Hurricane Ida: Hardest-hit states resilient, says Biden

Hurricane Ida: Biden says hardest-hit US states are resilient

A total of seven dynamically positioned rigs have moved off location out of the storm's projected path, as a precaution

Homes stand partially flooded in LaPlace, Louisiana on August 30, 2021 in the aftermath of Hurricane Ida. Credit: AFP Photo

President Joe Biden has spoken with officials in states pounded by Hurricane Ida, detailing the federal effort to survey damage and ensure access to electricity, water and cell phone service.

The president said Monday that state officials should contact the White House if they need additional support — even though the effort is being led by FEMA.

“We'll get you what you need if we can,” Biden said. “The people of Louisiana and Mississippi are resilient. But it's in moments like these where we can certainly see the power of government to respond to the needs of the people, if government's prepared and if they respond.”

Also Monday, the Bureau of Safety and Environmental Enforcement said it had activated its Hurricane Response Team as Hurricane Ida made its way through the Gulf.

Based on data from offshore operator reports submitted as of late morning Monday, personnel have been evacuated from a total of 288 production platforms, 51.43 per cent of the 560 manned platforms in the Gulf of Mexico.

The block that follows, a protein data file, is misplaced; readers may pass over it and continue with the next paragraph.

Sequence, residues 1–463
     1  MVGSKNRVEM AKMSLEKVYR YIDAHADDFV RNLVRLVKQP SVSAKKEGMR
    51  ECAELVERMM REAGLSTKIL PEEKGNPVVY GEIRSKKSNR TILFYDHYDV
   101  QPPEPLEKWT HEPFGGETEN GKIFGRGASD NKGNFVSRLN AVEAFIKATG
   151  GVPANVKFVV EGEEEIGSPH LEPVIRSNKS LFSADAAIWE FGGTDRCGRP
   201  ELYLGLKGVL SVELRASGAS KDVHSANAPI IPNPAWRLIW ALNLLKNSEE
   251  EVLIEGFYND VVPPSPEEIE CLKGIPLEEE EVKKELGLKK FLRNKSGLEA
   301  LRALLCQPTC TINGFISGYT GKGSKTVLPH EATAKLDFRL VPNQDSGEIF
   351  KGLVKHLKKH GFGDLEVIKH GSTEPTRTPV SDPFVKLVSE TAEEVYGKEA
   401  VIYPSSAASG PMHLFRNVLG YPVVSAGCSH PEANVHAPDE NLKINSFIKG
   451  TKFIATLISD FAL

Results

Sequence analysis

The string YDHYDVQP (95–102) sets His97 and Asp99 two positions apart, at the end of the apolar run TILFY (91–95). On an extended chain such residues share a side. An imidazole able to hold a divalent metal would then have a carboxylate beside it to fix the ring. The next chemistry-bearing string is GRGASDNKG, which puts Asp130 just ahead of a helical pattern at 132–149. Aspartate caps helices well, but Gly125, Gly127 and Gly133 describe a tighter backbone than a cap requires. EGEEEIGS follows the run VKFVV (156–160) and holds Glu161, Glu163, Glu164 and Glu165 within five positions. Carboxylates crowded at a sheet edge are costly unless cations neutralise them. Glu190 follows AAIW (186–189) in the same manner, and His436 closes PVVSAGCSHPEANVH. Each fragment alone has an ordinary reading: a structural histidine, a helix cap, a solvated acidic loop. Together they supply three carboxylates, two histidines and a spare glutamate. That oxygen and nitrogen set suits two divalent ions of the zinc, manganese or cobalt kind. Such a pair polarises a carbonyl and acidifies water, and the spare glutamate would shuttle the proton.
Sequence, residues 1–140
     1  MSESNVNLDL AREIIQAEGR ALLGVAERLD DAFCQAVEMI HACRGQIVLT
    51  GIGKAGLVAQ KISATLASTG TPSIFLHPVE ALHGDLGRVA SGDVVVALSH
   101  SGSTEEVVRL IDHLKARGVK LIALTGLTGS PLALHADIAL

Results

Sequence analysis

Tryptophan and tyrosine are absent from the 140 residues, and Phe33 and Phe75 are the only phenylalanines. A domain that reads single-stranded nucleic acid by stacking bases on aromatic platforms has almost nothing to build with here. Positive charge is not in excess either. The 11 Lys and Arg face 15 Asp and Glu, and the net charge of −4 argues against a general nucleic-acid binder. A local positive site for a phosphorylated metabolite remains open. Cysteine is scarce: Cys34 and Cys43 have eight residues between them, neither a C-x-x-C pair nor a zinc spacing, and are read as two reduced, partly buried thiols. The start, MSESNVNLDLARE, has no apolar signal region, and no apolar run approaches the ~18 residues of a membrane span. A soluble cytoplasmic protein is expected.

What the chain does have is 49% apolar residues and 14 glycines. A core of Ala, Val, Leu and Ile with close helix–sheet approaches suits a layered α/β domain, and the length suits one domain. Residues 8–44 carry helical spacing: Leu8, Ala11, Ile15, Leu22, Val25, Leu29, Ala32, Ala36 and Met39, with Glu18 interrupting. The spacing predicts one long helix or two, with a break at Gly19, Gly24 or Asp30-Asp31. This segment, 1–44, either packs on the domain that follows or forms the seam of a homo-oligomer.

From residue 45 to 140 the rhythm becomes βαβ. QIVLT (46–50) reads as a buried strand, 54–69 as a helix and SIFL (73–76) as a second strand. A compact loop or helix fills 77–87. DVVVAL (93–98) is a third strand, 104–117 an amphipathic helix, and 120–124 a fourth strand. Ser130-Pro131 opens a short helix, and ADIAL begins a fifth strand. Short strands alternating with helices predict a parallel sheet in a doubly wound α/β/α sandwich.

Personnel have been evacuated from 11 rigs, equivalent to 100% of the 11 rigs of this type currently operating in the Gulf. Rigs can include several types of offshore drilling facilities.

Read | Hurricane Ida traps Louisianans, shatters power grid

A total of seven dynamically positioned rigs have moved off location out of the storm's projected path, as a precaution.

It is estimated that approximately 94.6% of the current oil production in the Gulf of Mexico has been shut in, according to operator reports.

The Bureau of Safety and Environmental Enforcement estimates that approximately 93.57% of the gas production in the Gulf has been shut in.

Production information included in these reports is based on the amount of oil and gas the operator expected to produce that day. The shut-in production figures therefore are estimates, which the agency compares to historical production.

The facilities will be inspected after the storm has passed. 

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